When you’re applying to jobs, many of us jump at the first offer. But you should know, it’s ok to say no. It’s ok to walk away. And in today’s nursing job market, you probably should, at least sometimes. You see, most hospitals are under-staffed, at least a little. And most are experiencing enough nurse turnover to make them uncomfortable. The good ones, the ones that attract top talent and keep top talent, they’re hard to get into. In other words, the recruiting systems turn away a lot of resumes. The interviews at those places are tough. And after the interview only a small number of candidates actually get an offer. Those are the good places.
Then there are the hospitals that are losing nurses a mass exodus. Those places will hire anyone with a pulse. Those places are desperate. And the reason they’re desperate is that they can’t keep their nurses, usually because their work conditions stink and they treat their nurses with roughly the same respect I treat my dog.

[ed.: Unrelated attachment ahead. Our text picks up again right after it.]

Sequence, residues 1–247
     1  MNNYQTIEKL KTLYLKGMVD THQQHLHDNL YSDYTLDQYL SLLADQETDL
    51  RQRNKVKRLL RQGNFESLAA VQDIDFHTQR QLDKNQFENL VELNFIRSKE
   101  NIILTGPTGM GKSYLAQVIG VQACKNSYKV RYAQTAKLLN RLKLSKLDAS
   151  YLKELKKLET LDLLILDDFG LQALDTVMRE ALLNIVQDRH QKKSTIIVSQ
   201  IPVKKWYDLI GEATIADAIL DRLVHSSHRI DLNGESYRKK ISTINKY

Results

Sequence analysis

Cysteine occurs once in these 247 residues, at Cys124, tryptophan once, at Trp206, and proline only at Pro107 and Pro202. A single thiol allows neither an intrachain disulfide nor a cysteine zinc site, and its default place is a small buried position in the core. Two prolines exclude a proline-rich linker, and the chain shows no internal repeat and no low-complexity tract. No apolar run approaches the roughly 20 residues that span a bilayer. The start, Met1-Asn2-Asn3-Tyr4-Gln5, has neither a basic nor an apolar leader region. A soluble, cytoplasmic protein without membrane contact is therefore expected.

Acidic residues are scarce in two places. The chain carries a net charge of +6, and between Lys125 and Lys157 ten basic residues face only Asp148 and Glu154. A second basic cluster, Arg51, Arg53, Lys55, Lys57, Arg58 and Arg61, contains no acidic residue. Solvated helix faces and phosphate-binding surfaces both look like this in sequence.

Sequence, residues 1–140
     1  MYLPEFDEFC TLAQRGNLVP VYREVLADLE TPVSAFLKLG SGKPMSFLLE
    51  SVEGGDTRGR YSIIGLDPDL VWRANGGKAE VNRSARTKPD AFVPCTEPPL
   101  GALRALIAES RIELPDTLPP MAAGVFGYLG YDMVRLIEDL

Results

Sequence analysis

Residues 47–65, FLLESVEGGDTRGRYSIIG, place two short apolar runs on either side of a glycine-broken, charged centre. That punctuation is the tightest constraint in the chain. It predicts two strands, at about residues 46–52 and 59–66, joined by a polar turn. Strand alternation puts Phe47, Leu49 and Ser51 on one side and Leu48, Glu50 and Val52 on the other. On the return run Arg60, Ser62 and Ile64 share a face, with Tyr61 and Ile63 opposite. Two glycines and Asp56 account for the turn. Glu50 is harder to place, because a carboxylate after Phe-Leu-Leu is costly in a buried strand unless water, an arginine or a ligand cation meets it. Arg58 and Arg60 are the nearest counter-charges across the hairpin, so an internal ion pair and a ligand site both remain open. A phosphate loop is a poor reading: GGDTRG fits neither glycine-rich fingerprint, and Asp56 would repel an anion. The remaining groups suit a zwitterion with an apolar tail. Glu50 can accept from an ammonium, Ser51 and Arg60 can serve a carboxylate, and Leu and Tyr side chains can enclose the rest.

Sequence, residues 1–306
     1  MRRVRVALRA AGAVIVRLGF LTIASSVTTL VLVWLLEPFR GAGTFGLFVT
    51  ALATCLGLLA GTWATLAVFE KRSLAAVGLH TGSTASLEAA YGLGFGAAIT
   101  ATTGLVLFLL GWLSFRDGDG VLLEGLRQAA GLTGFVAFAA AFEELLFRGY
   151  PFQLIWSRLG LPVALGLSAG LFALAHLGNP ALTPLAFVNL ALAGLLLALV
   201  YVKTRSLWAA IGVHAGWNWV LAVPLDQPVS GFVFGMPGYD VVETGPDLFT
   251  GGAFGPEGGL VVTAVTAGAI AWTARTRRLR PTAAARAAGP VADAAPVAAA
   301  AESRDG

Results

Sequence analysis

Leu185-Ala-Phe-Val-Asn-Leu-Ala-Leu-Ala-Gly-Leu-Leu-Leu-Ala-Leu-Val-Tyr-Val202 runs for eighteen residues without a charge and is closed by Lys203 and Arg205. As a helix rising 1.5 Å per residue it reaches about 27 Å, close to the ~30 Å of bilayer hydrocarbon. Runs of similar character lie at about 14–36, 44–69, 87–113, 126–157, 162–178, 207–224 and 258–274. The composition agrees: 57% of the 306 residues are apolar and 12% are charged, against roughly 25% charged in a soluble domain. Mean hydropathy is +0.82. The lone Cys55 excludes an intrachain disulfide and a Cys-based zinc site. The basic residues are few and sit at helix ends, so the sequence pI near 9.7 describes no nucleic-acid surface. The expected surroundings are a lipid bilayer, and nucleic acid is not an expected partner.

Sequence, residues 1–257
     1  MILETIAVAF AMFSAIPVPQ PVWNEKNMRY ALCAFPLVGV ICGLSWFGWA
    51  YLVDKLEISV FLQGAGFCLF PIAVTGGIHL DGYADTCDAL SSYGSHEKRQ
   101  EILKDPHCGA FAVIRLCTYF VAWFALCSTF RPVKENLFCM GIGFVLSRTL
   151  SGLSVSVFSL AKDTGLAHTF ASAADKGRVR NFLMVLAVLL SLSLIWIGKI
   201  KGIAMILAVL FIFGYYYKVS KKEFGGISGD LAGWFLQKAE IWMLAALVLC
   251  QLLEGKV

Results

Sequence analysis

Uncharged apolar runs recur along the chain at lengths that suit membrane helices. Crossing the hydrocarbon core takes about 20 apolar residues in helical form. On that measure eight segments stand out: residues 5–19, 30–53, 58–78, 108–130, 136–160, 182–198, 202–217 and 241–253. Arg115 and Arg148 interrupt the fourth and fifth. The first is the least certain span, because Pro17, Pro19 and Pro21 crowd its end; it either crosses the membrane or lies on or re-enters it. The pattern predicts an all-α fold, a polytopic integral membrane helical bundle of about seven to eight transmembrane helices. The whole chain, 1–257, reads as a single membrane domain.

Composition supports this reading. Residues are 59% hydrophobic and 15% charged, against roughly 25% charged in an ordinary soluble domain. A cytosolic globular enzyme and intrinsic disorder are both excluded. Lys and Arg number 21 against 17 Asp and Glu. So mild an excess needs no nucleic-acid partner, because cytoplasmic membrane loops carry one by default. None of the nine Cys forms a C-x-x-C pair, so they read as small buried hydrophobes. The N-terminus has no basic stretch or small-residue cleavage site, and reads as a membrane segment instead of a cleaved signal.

See what I did? I turned the job market into a dichotomy of good places to work and bad places to work. But actually, there are a lot of in between places. There are good units in bad hospitals and bad units in good hospitals. There are units that are good one personality and terrible for another.
The interview should be the place where you figure out if it’s a good fit. And that’s what the interviewer should be trying to do as well – it’s not just a matter of sticking a good nurse in a good unit. Each workplace has a culture and even the best of the best might not fit quite right. Don’t be afraid to ask questions about the culture, the work environment, the things that are important to you.
My first job out of nursing school involved a panel interview with questions I never thought to prepare for, and an unfolding case study. The interview was a beast, and that was probably my favorite job ever. The next job I took was a completely different story. The hiring manager brought me in for an interview, showed me around the unit, then sat me down and offered me the job on the spot. There was no interview, and that was a job where I (and my colleagues) stagnated for years.
The point is, if it’s a place worth working for, they’ll make you jump through some hoops. If it seems too easy, it’s probably not worth your time. And there’s nothing wrong with saying no to an offer. You can walk away, and be confident that there will be other opportunities. After all, nurses are always in demand.